To help limit climate change, Michigan plants more trees, asks residents to do the same

Hayley Harding
The Detroit News

The state of Michigan is trying to plant more trees this year, and officials want the public to join in.

The "Mi Trees" campaign, launched on Arbor Day in April, encourages people to plant trees wherever they have the space.

Part of the 1T effort, an initiative of the World Economic Forum to plant one trillion trees across the globe, Mi Trees has pledged 50 million trees across the state by 2030.

"It's not that one tree's going to take care of these issues, but that's the point. Every tree that we can get into the ground is going to be a step in the right direction," said Kevin Sayers, urban and community forestry coordinator for the Michigan Department of Natural Resources' forest resources division.

Trees can help with climate-related problems. In addition to providing shade when they reach maturity, trees also can increase carbon sequestration, Sayers said, a process that reduces the amount of carbon dioxide in the air. They can also help manage storm water problems by intercepting rainfall from storms.

In more urban places like Detroit, trees also can reduce something known as the "heat island effect." A heat island is a place typically in a city where temperatures are higher than in other places, according to the U.S. Environmental Protection Agency, due in part to buildings and roads that "re-emit the sun’s heat more than natural landscapes such as forests and water bodies."

A heat island can be as much as 7 degrees higher than outlying areas during the day, the EPA said. That can lead to increased electrical demand as people turn up air conditioning, up the creation of harmful air pollutants and make it generally less comfortable.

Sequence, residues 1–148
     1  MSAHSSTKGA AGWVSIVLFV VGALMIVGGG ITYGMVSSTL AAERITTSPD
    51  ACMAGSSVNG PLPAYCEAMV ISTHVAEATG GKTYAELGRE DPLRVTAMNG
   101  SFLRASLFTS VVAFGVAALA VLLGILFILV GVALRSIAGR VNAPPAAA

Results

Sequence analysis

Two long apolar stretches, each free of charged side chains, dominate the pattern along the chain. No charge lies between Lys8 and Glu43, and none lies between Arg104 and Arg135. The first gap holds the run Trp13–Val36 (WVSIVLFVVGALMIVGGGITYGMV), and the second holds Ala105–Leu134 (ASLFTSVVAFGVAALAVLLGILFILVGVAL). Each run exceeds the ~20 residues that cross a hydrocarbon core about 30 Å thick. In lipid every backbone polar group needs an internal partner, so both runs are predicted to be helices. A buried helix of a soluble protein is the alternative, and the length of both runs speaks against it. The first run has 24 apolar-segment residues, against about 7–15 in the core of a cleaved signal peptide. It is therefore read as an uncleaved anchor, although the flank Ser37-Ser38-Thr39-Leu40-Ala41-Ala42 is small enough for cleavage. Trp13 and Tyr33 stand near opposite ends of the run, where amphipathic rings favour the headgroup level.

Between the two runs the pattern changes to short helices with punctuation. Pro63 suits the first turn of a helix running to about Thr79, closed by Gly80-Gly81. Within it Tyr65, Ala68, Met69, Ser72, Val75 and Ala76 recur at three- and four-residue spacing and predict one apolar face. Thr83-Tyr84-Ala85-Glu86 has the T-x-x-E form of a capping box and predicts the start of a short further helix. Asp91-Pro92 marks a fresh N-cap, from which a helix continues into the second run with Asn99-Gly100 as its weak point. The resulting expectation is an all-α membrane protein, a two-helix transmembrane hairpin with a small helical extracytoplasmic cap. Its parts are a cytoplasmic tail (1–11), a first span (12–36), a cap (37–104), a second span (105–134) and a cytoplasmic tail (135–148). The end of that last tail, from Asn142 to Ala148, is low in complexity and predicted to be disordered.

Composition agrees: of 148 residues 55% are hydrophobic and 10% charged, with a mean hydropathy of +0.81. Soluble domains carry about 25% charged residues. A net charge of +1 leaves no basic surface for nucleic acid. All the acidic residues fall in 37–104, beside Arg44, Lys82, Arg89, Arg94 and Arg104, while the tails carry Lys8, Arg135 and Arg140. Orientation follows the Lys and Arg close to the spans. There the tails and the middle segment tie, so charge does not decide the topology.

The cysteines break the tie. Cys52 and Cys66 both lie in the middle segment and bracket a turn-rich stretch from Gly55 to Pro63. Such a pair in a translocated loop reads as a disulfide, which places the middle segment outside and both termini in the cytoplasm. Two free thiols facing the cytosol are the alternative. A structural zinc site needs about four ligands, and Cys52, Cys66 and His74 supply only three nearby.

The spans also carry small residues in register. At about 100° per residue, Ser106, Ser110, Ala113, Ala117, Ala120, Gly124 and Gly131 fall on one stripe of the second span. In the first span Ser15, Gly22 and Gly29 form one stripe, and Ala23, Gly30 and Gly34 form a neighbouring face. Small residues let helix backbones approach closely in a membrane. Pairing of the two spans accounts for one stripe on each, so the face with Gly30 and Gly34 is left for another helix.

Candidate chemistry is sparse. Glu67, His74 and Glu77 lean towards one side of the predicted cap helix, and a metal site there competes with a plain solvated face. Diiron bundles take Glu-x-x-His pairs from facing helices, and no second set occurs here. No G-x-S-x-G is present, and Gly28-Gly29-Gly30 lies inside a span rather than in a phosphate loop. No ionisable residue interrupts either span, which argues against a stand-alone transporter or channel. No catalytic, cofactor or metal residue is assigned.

"There are so many good, positive things that come from planting trees," Sayers said. "It's not just about building resilience for global climate change. There's a lot of human health, physical health and social improvement that happen as a result of planting trees. Wildlife habitat is improved, water quality is improved ... there's a number of different benefits."

Michigan DNR expects to plant more than six million trees this year on state forest land, which Sayers estimated may be slightly ahead of what the state normally does in a year. 

To hit that 50 million goal, members of the Department of Natural Resources are also encouraging members of the public to plant their own trees. The department has even launched an interactive map for people to report where they've planted trees.

In a news release in May, the department estimated that nearly 270 people had already pinned more than 50,000 trees to the map. In that same release, Gov. Gretchen Whitmer said that the effort was important to "protect our state's green spaces."

“Michigan’s natural beauty and resources are the pride and joy of every Michigander,”  Whitmer said, touting the investment the state has committed to parks as part of her "Building Michigan Together Plan."

To plant a tree that will last for a long time and support the environment, experts like Sayers recommend being specific with the plantings.

Consider planting native trees to the area, which can help support local wildlife by providing food and shelter. Sayers also recommends making sure that the tree is in the right space: consider how big it will be when it reaches its full height and whether it might be too close to buildings or utility lines.

Also make sure it is planted correctly for the soil it will grown in and for the amount of water it will get. DNR recommends watering daily for the first week the tree is planted and then once a week after (and less, if the ground feels wet). Employees at local conservation districts or even garden centers can help find the best tree for the intended spot, and resources are available online from groups such as the Arbor Day Foundation.

"We're hoping to plant trees that are going to be here for the long-term," Sayers said. "In order to do that, it starts with getting the right tree, getting it in the right location and getting it in there the right way. If you start with poor quality in any of those things, it's like just throwing money into a hole."

hharding@detroitnews.com

Twitter: @Hayley__Harding